Most people take RSO sublingually, placing drops under your tongue for the fastest absorption rate. However, you can also take it in a capsule (slowest-acting effects, but the effects last longer) or as a topical applied directly to your skin (to potentially treat skin issues).
Week 1) Start with three doses every day, with each dose about the size of half a grain of rice, administered once every eight hours (morning, noon, and night); your first dose should be about one quarter of one drop of RSO
Weeks 2 through 5) Double your dose every four days; it should take 3 to 5 weeks to reach the full RSO dosage of one gram, which means you’re taking about 8 to 9 rice-sized drops of RSO every eight hours
Weeks 5 Through 12) Continue taking one gram of RSO per day until you’ve consumed the full 60g of RSO
RSO can have a bitter or unpleasant taste. Some people mix RSO with foods like bananas to mask the taste. Others just swallow the oil directly.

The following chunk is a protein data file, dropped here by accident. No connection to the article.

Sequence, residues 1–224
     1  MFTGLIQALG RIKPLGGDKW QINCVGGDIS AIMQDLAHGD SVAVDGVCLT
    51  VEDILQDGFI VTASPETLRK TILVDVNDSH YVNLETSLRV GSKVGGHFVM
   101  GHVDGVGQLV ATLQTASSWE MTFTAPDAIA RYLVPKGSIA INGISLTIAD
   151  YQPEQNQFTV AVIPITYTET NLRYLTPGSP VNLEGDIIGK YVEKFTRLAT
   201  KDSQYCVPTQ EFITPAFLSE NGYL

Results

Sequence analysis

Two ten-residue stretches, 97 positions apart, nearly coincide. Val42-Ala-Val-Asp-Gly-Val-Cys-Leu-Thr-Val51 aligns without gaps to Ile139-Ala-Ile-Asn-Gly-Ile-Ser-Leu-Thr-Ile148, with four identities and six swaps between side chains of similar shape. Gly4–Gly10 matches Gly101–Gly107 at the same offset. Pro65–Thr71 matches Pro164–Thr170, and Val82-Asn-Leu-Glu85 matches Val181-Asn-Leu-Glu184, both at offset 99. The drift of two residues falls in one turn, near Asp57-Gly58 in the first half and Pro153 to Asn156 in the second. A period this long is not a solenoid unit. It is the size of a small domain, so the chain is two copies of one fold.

How to Buy RSO
RSO has become increasingly popular in recent years. A number of cannabis retailers now sell RSO in various forms.
Lazarus Naturals, for example, sells RSO CBD Oil for $40 to $180.
Remember: RSO contains high levels (50 to 60%) of THC, which means it’s only legal in jurisdictions where recreational use of marijuana is legal (or you have a valid prescription).
Rick Simpson Oil is backed by some promising research. However, other studies have shown that the oil has mixed effectiveness when treating cancer. Some studies have even shown that THC can increase the growth of cancer cells.
Today, some people take RSO CBD oil, combining the benefits of RSO with the legality of CBD.
Ultimately, Rick Simpson Oil could be a legitimate cure for cancer – or it could be complete snake oil. Until we conduct large-scale human trials on RSO, CBD oil, or cannabis oil, it’s impossible to say whether or not these oils are effective for treating cancer and other health conditions.